Mexico is the single largest source of immigrants, 31%, to the United States. How is thoroughly is this group assimilating? By some measures pretty well. In their 2009 book Generations of Exclusion: Mexican Americans, Assimilation, and Race, researchers Edward Telles and Vilma Ortiz examined the assimilation of a 800 Mexican-American immigrants and 700 of their children in Los Angeles and San Antonio from 1965 to the present. Telles and Ortiz find much progress was made from the first to second generation. For instance, all Mexican Americans were English-proficient by the second generation, and educational levels of second-generation Mexican Americans improved dramatically.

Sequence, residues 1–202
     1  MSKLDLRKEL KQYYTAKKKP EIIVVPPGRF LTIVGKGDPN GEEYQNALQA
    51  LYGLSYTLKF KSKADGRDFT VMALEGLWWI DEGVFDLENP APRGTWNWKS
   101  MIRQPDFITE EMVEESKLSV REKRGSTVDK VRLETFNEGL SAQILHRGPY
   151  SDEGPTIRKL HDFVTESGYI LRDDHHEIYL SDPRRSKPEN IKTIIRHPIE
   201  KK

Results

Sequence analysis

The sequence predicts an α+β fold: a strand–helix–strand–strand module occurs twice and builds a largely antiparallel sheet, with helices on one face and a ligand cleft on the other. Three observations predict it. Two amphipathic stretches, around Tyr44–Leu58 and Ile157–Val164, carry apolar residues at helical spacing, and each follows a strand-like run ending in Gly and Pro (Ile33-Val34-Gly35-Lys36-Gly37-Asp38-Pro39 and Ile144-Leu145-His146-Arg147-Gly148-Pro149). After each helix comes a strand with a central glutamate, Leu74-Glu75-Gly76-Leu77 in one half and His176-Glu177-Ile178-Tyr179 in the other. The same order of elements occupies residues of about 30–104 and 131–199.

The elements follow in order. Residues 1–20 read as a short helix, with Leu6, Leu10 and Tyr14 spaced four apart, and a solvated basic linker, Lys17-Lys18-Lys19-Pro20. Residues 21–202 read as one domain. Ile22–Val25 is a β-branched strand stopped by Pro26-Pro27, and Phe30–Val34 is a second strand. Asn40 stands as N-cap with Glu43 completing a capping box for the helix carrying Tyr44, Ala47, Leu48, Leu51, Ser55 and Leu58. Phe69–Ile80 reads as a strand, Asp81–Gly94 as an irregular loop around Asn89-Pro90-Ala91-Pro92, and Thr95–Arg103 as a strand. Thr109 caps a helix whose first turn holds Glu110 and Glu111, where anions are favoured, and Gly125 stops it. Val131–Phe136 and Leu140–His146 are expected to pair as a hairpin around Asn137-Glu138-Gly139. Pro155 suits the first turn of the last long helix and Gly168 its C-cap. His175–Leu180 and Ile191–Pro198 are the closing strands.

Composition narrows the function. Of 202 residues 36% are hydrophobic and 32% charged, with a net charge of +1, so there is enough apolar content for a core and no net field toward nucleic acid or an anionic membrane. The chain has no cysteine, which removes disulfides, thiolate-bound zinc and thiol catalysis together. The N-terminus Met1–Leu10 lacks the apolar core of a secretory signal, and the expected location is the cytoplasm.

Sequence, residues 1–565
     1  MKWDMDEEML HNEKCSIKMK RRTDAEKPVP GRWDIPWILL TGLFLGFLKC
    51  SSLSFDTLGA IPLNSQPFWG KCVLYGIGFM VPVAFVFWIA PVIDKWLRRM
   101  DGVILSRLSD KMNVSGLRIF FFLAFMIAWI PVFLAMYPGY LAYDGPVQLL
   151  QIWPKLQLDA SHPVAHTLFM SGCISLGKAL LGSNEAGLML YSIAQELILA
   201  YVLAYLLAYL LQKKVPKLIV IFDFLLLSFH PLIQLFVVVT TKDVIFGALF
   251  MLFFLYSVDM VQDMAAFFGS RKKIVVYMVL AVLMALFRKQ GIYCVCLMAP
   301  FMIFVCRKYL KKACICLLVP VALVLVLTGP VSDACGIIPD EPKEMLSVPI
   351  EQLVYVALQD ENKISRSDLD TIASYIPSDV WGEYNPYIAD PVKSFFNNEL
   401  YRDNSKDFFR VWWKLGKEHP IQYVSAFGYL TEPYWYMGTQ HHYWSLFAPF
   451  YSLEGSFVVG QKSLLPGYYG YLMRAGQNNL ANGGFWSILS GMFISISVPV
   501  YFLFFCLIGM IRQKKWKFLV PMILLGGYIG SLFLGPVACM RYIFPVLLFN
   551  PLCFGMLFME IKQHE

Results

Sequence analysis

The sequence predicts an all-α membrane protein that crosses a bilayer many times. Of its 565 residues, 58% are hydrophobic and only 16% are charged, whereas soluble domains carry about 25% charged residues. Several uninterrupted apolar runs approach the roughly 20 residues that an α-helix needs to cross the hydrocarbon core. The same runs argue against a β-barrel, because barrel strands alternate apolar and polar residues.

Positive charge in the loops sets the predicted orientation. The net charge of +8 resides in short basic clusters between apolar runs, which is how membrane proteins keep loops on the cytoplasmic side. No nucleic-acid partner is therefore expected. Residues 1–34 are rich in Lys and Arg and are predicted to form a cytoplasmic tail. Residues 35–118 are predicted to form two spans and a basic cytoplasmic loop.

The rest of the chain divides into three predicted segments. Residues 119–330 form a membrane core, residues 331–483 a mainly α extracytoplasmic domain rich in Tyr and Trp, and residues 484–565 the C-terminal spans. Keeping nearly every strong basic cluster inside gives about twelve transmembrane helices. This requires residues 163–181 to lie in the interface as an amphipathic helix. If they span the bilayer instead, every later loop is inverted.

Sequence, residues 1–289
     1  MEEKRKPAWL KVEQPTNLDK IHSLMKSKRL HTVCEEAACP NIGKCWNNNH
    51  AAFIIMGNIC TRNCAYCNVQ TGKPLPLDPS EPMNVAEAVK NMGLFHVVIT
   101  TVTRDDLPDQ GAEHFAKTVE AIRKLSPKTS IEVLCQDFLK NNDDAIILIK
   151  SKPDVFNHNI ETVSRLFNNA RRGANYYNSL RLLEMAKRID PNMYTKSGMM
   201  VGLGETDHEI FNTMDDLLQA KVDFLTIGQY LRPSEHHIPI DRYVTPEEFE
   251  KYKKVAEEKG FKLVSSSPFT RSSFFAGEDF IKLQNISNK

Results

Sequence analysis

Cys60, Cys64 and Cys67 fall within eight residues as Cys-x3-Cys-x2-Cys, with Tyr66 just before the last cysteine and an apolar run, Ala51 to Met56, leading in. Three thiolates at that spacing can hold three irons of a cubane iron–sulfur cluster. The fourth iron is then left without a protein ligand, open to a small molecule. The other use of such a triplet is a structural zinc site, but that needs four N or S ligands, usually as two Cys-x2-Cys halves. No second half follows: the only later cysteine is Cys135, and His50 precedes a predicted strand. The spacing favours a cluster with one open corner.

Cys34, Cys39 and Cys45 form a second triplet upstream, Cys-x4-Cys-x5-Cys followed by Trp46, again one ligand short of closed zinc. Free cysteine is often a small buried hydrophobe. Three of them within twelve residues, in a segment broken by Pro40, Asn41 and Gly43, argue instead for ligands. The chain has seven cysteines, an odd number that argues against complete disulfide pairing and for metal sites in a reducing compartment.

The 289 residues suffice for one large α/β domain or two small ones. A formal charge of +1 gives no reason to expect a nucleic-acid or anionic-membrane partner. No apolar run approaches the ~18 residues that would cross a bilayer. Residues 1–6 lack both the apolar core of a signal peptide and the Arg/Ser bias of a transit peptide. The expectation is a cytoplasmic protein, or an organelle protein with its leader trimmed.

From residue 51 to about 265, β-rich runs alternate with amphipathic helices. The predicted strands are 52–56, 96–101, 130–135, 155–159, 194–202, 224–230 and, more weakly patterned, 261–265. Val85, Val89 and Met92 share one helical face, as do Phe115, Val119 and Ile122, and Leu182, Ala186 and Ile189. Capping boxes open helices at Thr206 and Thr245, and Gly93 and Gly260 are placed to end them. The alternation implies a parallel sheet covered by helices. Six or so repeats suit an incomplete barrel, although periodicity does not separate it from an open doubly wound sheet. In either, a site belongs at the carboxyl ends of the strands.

But then the assimilation process stalls out. Unlike the descendants of European immigrants to the US, the researchers conclude to their own admitted surprise, Mexican Americans have not fully integrated by the third and fourth generation — particularly in terms of education, earnings, ethnic identity, and residential segregation: